Principles Plus SASB Standards

Date01 August 2020
by Thomas L. Riesenberg
Thomas L. Riesenberg is Director of Legal and Regulatory Policy at SASB.
Prof. Jill E. Fisch has authored an excellent piece about
sustainability disclosure. Her proposal to mandate
a new Sustainability Disclosure and Analysis sec-
tion of SEC lings is an interesting idea for improving the
disclosures t hat investors currently receive regarding such
important matters as climate change, human capital, and
a range of other issues. She also proposes that company
management certif y as to the accuracy of these disclosures,
another step toward improved disclosure.
But it is likely the case that without signicant tweaks,
her sugge stion would not i mprove the consistency a nd
comparability of disclosures. is is because her proposal
is principles-based, that is, issuers would decide for them-
selves the three most signica nt sustainability issues and
then decide what to disclose about these issues.
us, for example, Company X, in the hotel industry,
might disclose information about water use eciency.
Company Y, a competitor, might disclose data relating to
employee retention. Company Z might address climate
change. And even when two c ompanies in the same indus-
try disclose information on the same issue or topic, they
might use dierent metrics in doing so.
is type of information would not result in compa-
rability and consistency in disclosures. As Professor Fisch
discusses, companies currently disclose considerable infor-
mation about ESG matters, typical ly in documents known
as corporate social responsibility reports. But numer-
ous surveys and studies have shown, and outreach by the
Sustainability Accounting Standards Board (SASB) has
conrmed, that investors are dissatised with these dis-
closures because they are generally inconsistent and non-
comparable between companies. SASB’s researchers have
found that most ESG disclosures consist of boilerplate
disclosures—generic statements that are not specically
tailored to the individual company, the risks it faces, a nd
the opportunities it might have. SASB found that vag ue,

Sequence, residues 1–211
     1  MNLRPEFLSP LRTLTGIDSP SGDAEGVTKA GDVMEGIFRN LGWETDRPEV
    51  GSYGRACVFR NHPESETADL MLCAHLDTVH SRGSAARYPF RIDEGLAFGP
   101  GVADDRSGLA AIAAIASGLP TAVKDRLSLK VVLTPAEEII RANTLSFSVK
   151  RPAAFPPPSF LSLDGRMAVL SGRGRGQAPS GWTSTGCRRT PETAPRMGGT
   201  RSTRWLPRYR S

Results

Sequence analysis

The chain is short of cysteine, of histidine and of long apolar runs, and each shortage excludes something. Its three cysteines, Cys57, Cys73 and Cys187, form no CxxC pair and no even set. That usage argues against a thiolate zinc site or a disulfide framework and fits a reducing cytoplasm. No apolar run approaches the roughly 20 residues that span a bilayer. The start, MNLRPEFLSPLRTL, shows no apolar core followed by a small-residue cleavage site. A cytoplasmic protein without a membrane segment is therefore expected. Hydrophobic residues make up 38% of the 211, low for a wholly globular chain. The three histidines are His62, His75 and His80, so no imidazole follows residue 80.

non-specic information was used more than 50 percent
of the time when companies addressed a SASB topic in
20 17. 1 Professor Fisch also acknowledges this problem; she
describes “a lack of standardization that makes it dicult
for investors to compare information across issuers.”
1. SASB, e State of Disclosure: An Analysis of the Eectiveness of Sustain-
ability Disclosure in SEC Filings (2018),
Investors and corporate issuers both have expressed dis-
satisfaction with the current state. For example, a recent
McKinsey study found that 85% of investors either agreed
or strongly agreed that “more standardization of sustain-
ability reporting” would help them allocate capital more
eectively, and 68% of corporate executives either agreed
or strongly agreed that standa rdization would enhance
their company’s ability to create value or mitigate risk.2
e lack of comparable, decision-useful information has
also been shown to have negative long-term societal and
economic impacts. For example, a company’s investments
in employee training, or health, or direct compensation
can lead to lower dividends or reduction in short-term prof-
itability, so companies might avoid making such expendi-
tures. is is unfortunate, since those types of costs can
create long-term value for shareholders and broader soci-
etal benets. As Professor Fisch notes, ESG disclosures in
the United States lag behind those made in Europe and
elsewhere, largely because such disclosures are mandated
in many non-U.S. countries. is means that the ec onomic
benets accruing from more comprehensive and better dis-
closure also lag in the United States.
Professor Fisch concedes that a principles-based
approach will likely lead to unsatisfactory results. She
states: “Because each issuer’s board determines the most
signicant sustainability issues independent, there is likely
to be substantial variation among the issues addressed.”
Why, then, does she opt for this approach? She believes
that there is no adequate alternative, stating: “the applica-
bility of any specic issue varies by issuer a nd industry”
and that “the issues that arg uably warrant disclosure and
their importance continue to evolve.” us, “designing a
line-item series of disclosures to address sustainability is
likely unworkable, and a principles-based approach appears
more appropriate.” Further, Professor Fisch believes that
the problem will correct itself over time because of the SEC
review process and reviews by industry participants: “ is
2. McKinsey & Company, More an Values: e Value-Based Sustainability
Reporting at Investors Want (Aug. 2019). Likewise, a 2016 PwC survey
on ESG found that only 29 percent of investors polled were condent in
the quality of ESG information they were receiving and only eight percent
of investors thought that existing ESG disclosures allow for comparison
across companies and peers. PricewaterhouseCoopers, Older and Wiser: Is
Responsible Investment Coming of Age? (2016),
sustainability/publications/assets/pe-survey-report.pdf. Numerous other re-
ports and studies have discussed the general topic of the growing interest in
better ESG disclosure. See, e.g., Deloitte, Heads Up: Sustainability Disclosure
Goes Mainstream (Sept. 24, 2019).
Copyright © 2020 Environmental Law Institute®, Washington, DC. Reprinted with permission from ELR®,, 1-800-433-5120.

To continue reading

Request your trial

VLEX uses login cookies to provide you with a better browsing experience. If you click on 'Accept' or continue browsing this site we consider that you accept our cookie policy. ACCEPT